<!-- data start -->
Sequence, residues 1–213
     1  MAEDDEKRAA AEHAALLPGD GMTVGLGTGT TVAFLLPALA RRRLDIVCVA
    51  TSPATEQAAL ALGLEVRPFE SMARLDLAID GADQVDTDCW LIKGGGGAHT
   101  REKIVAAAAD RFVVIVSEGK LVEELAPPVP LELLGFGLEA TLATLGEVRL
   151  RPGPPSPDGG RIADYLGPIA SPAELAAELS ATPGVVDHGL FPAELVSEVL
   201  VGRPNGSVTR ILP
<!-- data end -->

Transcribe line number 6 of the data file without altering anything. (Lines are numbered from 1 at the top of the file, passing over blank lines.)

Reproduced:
   201  VGRPNGSVTR ILP